Last Week's Question
week’s column, I shared one league’s practice
of awarding priority picks in the waiver wire to teams who have
lost key players to injury for the remainder of the season. The
feedback I received concerning this practice varied widely.
Bryon’s league, for instance awards priority in a no-nonsense
sort of way:
The way I run our league is that the minute a player
is placed on IR, the owner has rights to draft a replacement regardless
of free agency order or time of the week. They have to call in
and place the source they confirmed the IR through.
I felt this to be the most fair because as the Commissioner, I
want the league to be competitive throughout the year. So even
though injuries are part of the game for both fantasy and professional
owners, for the sake of keeping the game interesting for all participants
throughout the season I incorporated this format.
Bryon is not alone, as Anthony wrote in with an extremely similar
Our system works like this: As soon as a player
is officially placed on IR with the NFL, the owner of that player
can immediately place him on IR and pick up a replacement. I said
“replacement” because you can only pick up a player
of the same position as the one on IR. Team owners do not have
to wait for the Thursday waivers to make the pick; they can do
it at any time during the season. If for example two different
team owners have QB's both go on IR at the same time and they
both want the same player, then the owner that contacted me first
gets the player. For example, I just had an owner place Griese
on IR this morning (Thursday) and picked up McCown, this transaction
has already occurred although the waivers list is not done until
after 7:00 in the evening. This system has worked for us going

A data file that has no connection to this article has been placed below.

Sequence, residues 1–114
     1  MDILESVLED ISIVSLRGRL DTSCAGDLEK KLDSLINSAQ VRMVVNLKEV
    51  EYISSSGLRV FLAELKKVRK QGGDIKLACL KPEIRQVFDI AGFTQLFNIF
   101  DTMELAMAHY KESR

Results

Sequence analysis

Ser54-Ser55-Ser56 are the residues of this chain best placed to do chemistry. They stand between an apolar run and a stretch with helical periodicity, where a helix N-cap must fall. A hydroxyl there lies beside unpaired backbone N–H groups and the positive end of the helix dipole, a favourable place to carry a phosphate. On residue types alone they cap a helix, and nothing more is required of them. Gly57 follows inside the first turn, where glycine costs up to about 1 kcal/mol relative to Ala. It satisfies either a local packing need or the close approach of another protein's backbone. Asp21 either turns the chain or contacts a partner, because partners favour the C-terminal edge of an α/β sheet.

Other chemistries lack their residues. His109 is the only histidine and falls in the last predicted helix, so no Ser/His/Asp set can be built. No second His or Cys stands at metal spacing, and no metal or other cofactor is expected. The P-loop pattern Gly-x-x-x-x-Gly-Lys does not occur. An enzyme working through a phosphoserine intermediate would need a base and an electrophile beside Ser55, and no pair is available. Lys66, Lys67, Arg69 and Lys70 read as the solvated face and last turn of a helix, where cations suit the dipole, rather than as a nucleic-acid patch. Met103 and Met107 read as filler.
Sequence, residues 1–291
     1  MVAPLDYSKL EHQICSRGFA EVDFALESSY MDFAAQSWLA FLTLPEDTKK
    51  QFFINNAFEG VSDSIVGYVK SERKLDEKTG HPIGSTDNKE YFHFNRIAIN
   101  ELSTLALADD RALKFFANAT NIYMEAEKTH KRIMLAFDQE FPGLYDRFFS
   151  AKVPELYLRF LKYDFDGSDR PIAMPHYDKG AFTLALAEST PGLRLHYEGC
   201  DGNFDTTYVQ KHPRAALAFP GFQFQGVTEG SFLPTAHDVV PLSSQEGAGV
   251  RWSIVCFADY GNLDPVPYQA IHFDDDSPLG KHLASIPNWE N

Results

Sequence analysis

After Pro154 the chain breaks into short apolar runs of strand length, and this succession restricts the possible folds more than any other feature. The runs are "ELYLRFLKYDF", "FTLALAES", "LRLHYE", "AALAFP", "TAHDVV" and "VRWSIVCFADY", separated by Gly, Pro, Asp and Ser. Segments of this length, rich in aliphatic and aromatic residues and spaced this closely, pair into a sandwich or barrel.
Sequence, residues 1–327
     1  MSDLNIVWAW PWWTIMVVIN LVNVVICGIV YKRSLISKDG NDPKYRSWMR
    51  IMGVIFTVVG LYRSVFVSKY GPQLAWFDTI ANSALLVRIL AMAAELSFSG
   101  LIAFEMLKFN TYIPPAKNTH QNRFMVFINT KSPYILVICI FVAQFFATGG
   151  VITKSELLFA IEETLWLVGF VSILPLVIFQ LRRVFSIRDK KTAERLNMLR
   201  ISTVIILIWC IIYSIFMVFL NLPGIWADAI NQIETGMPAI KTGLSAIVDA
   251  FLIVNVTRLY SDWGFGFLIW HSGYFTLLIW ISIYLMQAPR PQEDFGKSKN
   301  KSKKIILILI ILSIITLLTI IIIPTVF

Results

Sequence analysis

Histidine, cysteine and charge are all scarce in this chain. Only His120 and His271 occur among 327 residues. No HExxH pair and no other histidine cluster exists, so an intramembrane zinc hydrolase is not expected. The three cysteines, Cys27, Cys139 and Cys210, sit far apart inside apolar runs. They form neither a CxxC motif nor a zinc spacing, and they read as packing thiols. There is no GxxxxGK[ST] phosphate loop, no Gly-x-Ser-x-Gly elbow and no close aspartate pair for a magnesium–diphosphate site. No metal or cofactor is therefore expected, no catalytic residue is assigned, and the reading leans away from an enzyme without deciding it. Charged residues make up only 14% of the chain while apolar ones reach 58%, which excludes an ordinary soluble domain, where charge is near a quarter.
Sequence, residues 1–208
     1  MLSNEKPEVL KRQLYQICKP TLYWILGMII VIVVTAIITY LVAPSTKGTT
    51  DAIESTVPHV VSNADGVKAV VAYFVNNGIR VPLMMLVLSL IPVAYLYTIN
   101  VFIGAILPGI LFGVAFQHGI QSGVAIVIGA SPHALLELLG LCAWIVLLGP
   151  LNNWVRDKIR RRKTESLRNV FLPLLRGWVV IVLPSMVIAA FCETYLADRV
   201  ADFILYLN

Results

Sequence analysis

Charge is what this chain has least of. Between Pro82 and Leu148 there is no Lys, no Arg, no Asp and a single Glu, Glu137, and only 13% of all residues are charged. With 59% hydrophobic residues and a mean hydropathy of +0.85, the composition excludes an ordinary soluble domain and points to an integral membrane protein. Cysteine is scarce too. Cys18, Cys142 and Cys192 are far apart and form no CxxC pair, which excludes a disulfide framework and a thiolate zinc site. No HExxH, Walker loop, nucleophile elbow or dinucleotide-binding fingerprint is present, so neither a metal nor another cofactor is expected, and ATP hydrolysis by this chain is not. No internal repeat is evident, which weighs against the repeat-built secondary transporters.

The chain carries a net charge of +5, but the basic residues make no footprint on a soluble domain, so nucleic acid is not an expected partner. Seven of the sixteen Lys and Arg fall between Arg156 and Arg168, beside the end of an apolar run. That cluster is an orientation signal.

on 5 years.
Mike wrote in to share a time-tested formula that awards waiver
priority only in the case of injured quarterbacks:
Ours is a simple league, with 17 franchises, no
bench players, no head-to-head games, and is time-tested for 30+
years. We have tried several formulas, but the only format that
seems to keep owner interest up throughout the season is for weekly
meeting waiver wire moves to be prioritized in reverse order of
year-to-date points, round by round. It does not matter if someone
wants to "I.R." a player, or drop one (either because
of non-productivity or his bye week). All owners get one pick
per round of changes. The only exception is at quarterback, since
each franchise has only 1 QB in our league: if one's QB is injured
("Questionable" or worse), one may automatically take
the back-up without charge or waiting his turn with respect to
YTD points. If that franchise owner desires a QB other than the
back-up to cover an I.R., he waits his turn like everyone else
with respect to YTD points. Furthermore, in our league, if you
put a player on I.R., and he accumulates even 1 stat in the game,
he is activated for that week, and the "covering player"
receives no points for that game, and is released to the unused
player pool, to be drafted by anyone at the following week's meeting.
Another reader named John wrote in to share a different injury policy
that (coincidentally enough) also features special rules for the
In my league, we stress a strong draft that goes
for 21 rounds (2 QB’s, 2 Kickers, 4 RB's, 4 WR's, 8 Def,
1 Utility). Each week we start 1 QB, 1 Kicker, 2 RB, 2 WR (TE
combined), and 4 Defensive Players (Tackles and Sacks). We only
get 2 add/drops a year unless a player is placed on the IR by
his team. If one of your players goes on IR, then you get an additional
add/drop for that player which must me used within 2 weeks of
the announcement of his IR status. (Use it or lose it). Since
quarterbacks are injured all the time, when we draft our teams,
we draft all of the Quarterbacks on a team. If you draft Joey
Harrington, you automatically get his backups. If during the year
he is injured or benched, you still have the Detroit QB. We do